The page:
The WAN modem unit 30A is shown in greater functional block detail in FIG. 2. In the preferred embodiment, a dial tone simulator 70 creates a dial tone, under microprocessor control, for application to the line 31A and connection to the card readers 12A-1 through 12A-n so that the line 31A appears to be a normal public telephone system line. As previously indicated, card readers normally require a dial tone to dial an outgoing call. When a "number" is dialed by a card reader in the preferred embodiment, there is no connection established over a public phone system to a destination on the public system. Instead, in accordance with the present invention, the dialed "number" represents the wide area network destination to which a network communication link is to be established for the card reader. Specifically, the destination to which the card reader is to be linked is the network address of the host computer for a card inserted into the card reader.
A loop current sensor 72 senses whether any transaction card reader is "off-hook", i.e., whether any reader has taken the line 31A to start dialing, and a corresponding microprocessor status input signal is generated. A loop battery feed 74 supplies -48 V to the line 31A which is the voltage level normally supplied on a public telephone system line to which a card reader would be connected in the prior art.
When dialing is initiated by a card reader, the line voltage is pulled down to flag that the line is in use. Thus, other card readers determine that the line is in use when the sensed line voltage has the pull-down value. A line coupling protector 76 is included to protect the internal modem circuitry from lightning or other voltage transients on the line 31A and to provide proper impedance to the line 31A.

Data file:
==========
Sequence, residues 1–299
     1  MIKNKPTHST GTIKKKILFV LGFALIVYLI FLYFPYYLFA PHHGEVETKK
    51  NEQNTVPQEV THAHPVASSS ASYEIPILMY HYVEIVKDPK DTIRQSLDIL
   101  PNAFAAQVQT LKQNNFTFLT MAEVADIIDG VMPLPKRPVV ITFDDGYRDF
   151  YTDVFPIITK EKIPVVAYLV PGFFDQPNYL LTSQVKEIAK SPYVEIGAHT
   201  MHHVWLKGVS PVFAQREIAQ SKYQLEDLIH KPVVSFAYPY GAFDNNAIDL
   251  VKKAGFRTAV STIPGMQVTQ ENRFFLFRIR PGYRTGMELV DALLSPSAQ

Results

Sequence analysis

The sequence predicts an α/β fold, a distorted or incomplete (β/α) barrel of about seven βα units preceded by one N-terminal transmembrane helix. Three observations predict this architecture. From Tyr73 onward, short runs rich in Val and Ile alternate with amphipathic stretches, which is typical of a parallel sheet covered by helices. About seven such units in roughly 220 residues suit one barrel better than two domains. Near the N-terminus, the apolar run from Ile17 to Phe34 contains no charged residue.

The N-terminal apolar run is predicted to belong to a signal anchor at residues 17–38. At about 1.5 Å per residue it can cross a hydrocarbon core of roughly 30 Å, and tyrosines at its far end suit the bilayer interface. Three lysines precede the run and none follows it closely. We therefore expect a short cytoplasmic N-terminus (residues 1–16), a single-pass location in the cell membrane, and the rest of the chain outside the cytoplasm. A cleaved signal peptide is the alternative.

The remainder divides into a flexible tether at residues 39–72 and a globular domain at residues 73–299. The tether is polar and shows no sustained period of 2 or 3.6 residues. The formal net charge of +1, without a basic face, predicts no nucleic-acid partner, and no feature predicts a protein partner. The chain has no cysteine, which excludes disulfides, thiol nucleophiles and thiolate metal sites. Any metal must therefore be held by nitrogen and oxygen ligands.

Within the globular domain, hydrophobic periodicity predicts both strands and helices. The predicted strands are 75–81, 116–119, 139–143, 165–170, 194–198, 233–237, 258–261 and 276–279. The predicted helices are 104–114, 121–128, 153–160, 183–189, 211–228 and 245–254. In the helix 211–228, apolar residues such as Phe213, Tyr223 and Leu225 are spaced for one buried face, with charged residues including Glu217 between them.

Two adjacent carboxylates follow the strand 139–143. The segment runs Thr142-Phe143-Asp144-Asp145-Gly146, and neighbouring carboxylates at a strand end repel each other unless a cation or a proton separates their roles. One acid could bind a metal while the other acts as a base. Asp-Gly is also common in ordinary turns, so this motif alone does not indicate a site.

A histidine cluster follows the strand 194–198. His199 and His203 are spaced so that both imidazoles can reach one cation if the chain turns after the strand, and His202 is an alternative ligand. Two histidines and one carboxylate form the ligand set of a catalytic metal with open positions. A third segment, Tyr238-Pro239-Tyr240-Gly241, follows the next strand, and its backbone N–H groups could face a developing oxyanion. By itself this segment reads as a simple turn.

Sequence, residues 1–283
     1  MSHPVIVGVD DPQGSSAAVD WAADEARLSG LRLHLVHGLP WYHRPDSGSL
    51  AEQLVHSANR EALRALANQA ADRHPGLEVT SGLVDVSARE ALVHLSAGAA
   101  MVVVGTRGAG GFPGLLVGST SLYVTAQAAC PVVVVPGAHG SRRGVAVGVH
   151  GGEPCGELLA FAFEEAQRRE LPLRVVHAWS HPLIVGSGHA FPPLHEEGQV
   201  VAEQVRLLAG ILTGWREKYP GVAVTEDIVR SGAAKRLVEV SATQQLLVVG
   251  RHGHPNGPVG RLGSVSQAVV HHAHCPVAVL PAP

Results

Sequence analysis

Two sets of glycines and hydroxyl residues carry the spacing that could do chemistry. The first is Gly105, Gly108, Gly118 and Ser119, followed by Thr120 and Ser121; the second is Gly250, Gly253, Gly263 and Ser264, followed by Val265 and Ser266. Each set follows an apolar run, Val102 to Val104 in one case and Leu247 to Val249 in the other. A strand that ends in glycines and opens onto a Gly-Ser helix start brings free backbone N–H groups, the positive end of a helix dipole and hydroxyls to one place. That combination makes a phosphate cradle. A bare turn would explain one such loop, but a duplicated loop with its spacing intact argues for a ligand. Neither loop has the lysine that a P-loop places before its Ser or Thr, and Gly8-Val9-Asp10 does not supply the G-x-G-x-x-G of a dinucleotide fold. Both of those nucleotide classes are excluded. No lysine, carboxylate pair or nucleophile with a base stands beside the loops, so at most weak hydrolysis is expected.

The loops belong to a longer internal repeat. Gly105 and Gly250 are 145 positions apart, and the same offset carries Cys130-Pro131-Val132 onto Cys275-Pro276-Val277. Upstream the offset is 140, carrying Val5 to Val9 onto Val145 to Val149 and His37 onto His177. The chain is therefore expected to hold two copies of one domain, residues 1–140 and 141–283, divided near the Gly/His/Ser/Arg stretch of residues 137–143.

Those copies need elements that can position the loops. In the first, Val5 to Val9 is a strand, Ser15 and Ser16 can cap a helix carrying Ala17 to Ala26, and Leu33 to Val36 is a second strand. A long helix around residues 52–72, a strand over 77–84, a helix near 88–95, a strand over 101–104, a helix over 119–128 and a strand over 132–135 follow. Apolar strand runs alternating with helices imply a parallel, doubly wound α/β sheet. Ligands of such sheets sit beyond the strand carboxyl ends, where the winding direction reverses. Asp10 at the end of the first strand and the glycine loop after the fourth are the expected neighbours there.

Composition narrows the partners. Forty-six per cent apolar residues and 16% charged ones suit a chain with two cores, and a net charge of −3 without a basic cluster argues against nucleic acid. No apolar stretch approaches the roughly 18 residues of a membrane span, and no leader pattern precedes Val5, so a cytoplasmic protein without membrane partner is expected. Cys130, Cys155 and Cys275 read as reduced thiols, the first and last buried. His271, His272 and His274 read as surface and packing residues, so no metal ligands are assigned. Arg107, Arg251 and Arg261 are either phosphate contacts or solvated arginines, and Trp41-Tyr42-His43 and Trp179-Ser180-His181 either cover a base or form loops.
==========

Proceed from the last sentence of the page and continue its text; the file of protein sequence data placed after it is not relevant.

Drivers/receivers 78 are operated under microprocessor control to convert signal voltage levels between the internal modem voltage levels and the external RS-232 voltage levels. A power supply 79 applies DC operating voltages to the various modem circuits.
A DTMF detector 80 detects the presence of incoming DTMF dialing tone signals on the line 31A, and a DTMF decoder 82 operates under microprocessor control to translate the received network address from DTMF code to ASCII characters for microprocessor input. When a connection is established to the network address for the designated host computer, an "active" LED 83 may display that the modem unit is connected and ready to receive.